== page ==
The Pensions Green Paper proposes the most radical shake-up to tax and
other rules governing pensions for many years and will affect the advice
you should be giving immediately.
On February 6, Taxbriefs is holding a Sofa-sponsored conference in London
on the ramifications of the review.
Speakers will include Secretary of State for Work and Pensions Andrew Smith
and the leader of the Inland Revenue's Pension simplification review team
Money Marketing is teaming up with Taxbriefs to let you make your views
known before the conference by answering questions we are publishing over
the next few weeks.
The Green Paper and supporting documents run to over 300 pages and contain
a wide range of proposals which could radically change the pension
landscape. For example, under the Inland Revenue's proposals:
One universal tax regime will replace all existing regimes (eight,
according to the Revenue) with the same rules applying to a final-salary
scheme and a retirement annuity. Existing benefits would be protected under
A maximum tax-exempt fund for all pension investments of £1.4m
would be established. This is roughly equivalent to the current cost of
providing maximum occupational scheme benefits for a 60-year-old
occupational scheme member subject to the earnings' cap. Any surplus over
the £1.4m would be subject to a “recovery charge” of 33.3 per cent and
would then have to provide taxable income – an effective total tax rate of
up to 60 per cent. The fund limit would be indexed.
The maximum total pension contribution in any one year would be
£200,000, of which the member could contribute up to 100 per cent of
earnings (or £3,600, if greater). For final-salary schemes, the
“contribution” would be calculated as the increase in the value of
benefits. Excess contributions would be taxable as income via the
The Department for Work and Pensions ideas include:
No change to the state pension age. The DWP dismisses suggestions,
such as those from the NAPF and IPPR, that the SPA should increase to 70.
No changes to S2P or pension credit, although the self-employed may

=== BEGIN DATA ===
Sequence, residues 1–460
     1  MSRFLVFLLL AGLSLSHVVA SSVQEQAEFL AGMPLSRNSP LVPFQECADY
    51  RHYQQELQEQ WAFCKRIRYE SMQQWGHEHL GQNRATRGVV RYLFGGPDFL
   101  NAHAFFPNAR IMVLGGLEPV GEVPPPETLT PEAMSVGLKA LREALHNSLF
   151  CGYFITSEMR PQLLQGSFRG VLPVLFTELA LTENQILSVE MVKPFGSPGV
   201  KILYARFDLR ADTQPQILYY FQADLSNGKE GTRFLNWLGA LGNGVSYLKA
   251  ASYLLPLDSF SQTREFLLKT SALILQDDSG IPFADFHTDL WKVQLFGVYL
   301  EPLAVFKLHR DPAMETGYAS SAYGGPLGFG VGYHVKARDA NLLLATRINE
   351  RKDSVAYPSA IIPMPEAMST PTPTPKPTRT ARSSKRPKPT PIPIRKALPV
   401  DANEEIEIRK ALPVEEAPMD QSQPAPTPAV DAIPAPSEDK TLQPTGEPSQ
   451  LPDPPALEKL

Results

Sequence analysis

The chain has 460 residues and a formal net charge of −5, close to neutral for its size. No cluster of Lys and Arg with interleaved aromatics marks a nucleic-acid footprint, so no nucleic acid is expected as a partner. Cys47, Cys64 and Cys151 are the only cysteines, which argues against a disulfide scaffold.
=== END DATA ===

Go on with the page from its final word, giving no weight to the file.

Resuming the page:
be allowed to join S2P on a voluntary basis.
The pension conference will be held on February 6 at The London Goodenough
Trust, Mecklenburgh Square, London. Tickets are £435 plus VAT
(£350 plus VAT for additional delegates), by contacting Taxbriefs on
020 7250 0967 or sending an email to email@example.com.
The Green Paper raises many issues on which your views should be heard so
that they can be conveyed to the Inland Revenue and DWP as part of the
consultation process. This week, you have the opportunity to put your views
on the following aspects of the pension proposals:
1: Is the Inland Revenue proposal to replace all the existing tax regimes
with a single new regime practical and desirable?
2: Are the limits of £1.4m and £200,000 about right?
3: What practical difficulties might arise from setting a limit to the size
of each person's retirement fund and level of annual contributions?
4: The Inland Revenue says the new rules will allow it to scrap carryback
of contributions. Would this cause any problems?
5: The Inland Revenue has pencilled in April 6, 2004 as a start date for
the new tax regime. Would you like to see a different timescale?
6: How would your ability to advise lowto middle-income groups be affected
by the maintenance of the existing structure of state pensions and pension
Please send your responses to Taxbriefs, 2-5 Benjamin Street, London EC1M
5QL or by email to:firstname.lastname@example.org.
To download the Green Paper documentation go to: